In the corporate annals of executive buyouts, few are as crazy as Metro Goldwyn Mayer’s (MGM) decision to purchase the equity stake of fired CEO Gary Barber for $260 million.
That’s on top of the $15.4 million golden parachute Barber got after unexpectedly getting the axe in March – just five months after privately-held MGM extended his employment contract through 2020.
Media reports suggest there had been friction between Barber and Kevin Ulrich, the boss at investment group Anchorage Capital — MGM’s largest investor — over the future of the studio.
Apparently, it was a quarter-of-a-billion-dollar rift.
Indeed, as part of the buyout — which involved MGM tapping into its credit facility — Barber agreed to customary “standstill provisions” that prohibit him from competing directly on MGM-related matters for a three-year period.
If Barber, who, since his ouster, had reportedly been trying to line up creditors to acquire MGM, was such a threat, why not keep him on the payroll?
Barber, together with Roger Birnbaum, helped MGM Studios emerge out of bankruptcy in 2010 through the usual cost-cutting restructuring taken by companies under Chapter 11 protection or in M&A crosshairs.
The executive in 2017 spearheaded complete ownership of premium TV network Epix from partners Lionsgate, Viacom and Paramount Pictures. Barber revitalized the “James Bond” franchise with box office hits Skyfall and Spectre. The next installment — Bond 25 — is slated for release in 2019.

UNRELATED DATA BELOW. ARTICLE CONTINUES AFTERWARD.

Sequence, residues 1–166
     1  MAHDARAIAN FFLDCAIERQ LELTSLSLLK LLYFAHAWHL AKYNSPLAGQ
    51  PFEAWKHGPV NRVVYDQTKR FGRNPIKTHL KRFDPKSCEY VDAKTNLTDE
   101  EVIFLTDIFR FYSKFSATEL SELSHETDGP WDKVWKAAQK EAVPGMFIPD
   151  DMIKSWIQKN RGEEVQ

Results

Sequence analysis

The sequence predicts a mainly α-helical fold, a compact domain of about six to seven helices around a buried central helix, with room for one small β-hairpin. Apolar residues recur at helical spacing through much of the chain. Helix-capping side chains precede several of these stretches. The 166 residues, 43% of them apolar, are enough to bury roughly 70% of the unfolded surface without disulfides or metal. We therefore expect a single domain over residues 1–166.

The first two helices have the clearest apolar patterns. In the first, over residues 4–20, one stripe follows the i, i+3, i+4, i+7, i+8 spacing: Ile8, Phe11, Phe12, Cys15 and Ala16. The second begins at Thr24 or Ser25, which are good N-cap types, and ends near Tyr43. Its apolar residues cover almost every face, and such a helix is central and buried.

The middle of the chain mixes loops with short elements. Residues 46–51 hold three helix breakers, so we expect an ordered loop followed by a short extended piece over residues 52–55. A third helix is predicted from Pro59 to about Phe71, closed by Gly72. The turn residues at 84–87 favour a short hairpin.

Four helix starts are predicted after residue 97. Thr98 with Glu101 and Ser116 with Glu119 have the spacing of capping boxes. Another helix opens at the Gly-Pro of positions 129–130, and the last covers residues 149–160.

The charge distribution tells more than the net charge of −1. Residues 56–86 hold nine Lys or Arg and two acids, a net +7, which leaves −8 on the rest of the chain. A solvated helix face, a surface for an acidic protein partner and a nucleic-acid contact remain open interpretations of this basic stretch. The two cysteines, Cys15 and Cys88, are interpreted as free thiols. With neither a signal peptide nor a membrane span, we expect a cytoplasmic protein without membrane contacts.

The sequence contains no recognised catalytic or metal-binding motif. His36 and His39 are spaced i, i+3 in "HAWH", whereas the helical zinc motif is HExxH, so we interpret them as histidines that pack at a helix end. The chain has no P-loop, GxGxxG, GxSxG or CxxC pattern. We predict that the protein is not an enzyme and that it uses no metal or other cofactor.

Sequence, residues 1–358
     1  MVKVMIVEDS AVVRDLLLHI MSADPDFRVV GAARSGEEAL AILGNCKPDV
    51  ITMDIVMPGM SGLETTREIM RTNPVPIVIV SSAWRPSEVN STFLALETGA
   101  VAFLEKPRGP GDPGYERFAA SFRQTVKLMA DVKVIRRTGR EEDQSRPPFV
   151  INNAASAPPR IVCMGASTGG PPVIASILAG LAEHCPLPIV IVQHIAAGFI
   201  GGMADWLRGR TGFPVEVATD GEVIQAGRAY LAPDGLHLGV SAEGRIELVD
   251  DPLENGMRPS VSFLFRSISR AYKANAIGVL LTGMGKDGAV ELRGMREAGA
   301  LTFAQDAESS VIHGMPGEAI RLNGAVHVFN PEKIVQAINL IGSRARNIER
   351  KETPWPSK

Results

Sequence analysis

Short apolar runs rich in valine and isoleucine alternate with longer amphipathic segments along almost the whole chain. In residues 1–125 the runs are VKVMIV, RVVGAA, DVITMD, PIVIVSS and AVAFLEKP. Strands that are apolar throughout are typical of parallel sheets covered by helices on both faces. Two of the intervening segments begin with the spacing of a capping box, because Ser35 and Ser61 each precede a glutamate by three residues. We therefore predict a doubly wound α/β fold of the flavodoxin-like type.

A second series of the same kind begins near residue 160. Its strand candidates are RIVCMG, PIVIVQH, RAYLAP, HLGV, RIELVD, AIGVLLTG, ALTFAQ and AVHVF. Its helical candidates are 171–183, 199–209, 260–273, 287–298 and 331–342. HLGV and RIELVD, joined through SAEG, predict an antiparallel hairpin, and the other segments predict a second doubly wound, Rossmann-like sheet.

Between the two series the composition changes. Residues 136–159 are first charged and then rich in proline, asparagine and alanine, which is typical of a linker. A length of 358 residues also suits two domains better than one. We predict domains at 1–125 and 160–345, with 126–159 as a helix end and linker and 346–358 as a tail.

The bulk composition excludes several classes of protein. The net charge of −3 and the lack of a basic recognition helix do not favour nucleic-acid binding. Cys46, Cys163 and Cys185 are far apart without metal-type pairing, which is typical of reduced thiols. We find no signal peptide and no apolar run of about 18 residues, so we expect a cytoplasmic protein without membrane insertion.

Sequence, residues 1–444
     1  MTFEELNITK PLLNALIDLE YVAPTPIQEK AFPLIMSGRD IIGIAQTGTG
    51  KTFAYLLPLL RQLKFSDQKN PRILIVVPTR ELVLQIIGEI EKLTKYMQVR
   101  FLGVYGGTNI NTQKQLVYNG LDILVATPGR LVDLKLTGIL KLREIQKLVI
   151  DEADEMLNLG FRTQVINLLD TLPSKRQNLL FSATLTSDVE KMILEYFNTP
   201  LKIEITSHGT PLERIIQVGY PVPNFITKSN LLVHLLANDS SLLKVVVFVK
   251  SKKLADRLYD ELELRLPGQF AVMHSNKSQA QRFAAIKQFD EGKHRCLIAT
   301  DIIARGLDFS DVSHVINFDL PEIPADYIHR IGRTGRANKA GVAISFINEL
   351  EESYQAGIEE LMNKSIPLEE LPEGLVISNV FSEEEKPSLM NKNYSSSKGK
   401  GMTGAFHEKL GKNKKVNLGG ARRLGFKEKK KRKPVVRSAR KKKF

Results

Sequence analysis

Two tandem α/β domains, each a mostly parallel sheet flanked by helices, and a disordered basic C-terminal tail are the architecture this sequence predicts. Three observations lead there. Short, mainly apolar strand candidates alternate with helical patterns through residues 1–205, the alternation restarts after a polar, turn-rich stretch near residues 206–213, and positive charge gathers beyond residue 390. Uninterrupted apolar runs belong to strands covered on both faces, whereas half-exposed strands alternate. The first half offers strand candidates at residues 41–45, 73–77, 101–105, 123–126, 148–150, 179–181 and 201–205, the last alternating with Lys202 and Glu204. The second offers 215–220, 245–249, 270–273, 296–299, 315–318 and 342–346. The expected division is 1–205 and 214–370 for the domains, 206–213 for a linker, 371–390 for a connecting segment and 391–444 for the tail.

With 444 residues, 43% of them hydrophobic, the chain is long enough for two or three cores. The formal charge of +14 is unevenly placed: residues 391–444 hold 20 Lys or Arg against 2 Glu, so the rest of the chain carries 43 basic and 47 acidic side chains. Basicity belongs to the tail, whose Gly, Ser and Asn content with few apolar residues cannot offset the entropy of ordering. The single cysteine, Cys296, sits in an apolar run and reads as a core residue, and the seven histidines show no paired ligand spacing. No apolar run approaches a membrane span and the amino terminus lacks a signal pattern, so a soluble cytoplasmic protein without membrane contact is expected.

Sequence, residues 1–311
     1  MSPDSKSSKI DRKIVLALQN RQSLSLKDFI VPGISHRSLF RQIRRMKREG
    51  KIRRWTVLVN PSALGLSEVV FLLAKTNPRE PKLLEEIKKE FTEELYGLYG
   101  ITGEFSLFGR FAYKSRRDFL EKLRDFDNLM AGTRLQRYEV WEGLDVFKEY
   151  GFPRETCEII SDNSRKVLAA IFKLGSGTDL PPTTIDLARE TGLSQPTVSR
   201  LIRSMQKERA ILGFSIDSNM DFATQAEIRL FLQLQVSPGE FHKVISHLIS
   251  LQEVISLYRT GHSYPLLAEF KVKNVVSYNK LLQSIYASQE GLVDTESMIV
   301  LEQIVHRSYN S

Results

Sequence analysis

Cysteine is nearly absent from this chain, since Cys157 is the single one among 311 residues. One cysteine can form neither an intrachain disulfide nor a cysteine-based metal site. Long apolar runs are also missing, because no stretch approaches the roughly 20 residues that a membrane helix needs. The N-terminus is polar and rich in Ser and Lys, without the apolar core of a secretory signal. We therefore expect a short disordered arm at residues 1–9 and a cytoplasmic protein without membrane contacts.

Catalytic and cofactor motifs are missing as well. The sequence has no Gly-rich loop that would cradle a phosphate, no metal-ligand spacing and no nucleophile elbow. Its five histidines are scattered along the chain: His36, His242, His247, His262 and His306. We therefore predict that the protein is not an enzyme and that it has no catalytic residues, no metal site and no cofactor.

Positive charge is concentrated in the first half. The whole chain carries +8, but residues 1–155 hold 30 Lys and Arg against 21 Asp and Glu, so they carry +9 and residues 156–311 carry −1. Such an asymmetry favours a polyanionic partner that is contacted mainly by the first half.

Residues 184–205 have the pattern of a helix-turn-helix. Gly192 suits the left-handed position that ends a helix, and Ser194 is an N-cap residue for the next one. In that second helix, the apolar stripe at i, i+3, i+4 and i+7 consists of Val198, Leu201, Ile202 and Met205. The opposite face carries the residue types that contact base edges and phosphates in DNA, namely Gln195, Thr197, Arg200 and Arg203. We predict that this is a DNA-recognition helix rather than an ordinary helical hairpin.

Barber hired reality TV whiz Mark Burnett (“The Voice,” “Survivor,” “Shark Tank”) as president of the TV group and digital.
In home entertainment, Barber distributed MGM’s vaunted catalog and new releases to the highest bidder, with 20th Century Fox Home Entertainment winning rights to Spectre, Skyfall, Death Wish, Every Day, RoboCop, Poltergeist, “Vikings,” “Get Shorty,” “The Handmaid’s Tale” and “Teen Wolf,” among others. The Fox agreement expires June 30, 2020.
Notably, Universal Pictures Home Entertainment will distribute Bond 25 in packaged media thereafter. The studio’s parent, Comcast recently inked a direct-access deal with Epix for its cable operations.
Sony Pictures Home Entertainment distributes the “Jump Street” franchise and The Magnificent Seven, while Warner Bros. Home Entertainment distributes the “Hobbit” trilogy, Creed, Max, Me Before You, Tomb Raider and Everything, Everything.
Paramount Home Media Distribution has DVD/Blu-ray rights to Sherlock Gnomes and Ben-Hur.
Regardless, home entertainment revenue in 2017 dropped 55% to $91.9 million from $206.5 million in 2016.
Hardly enough to pay off Barber.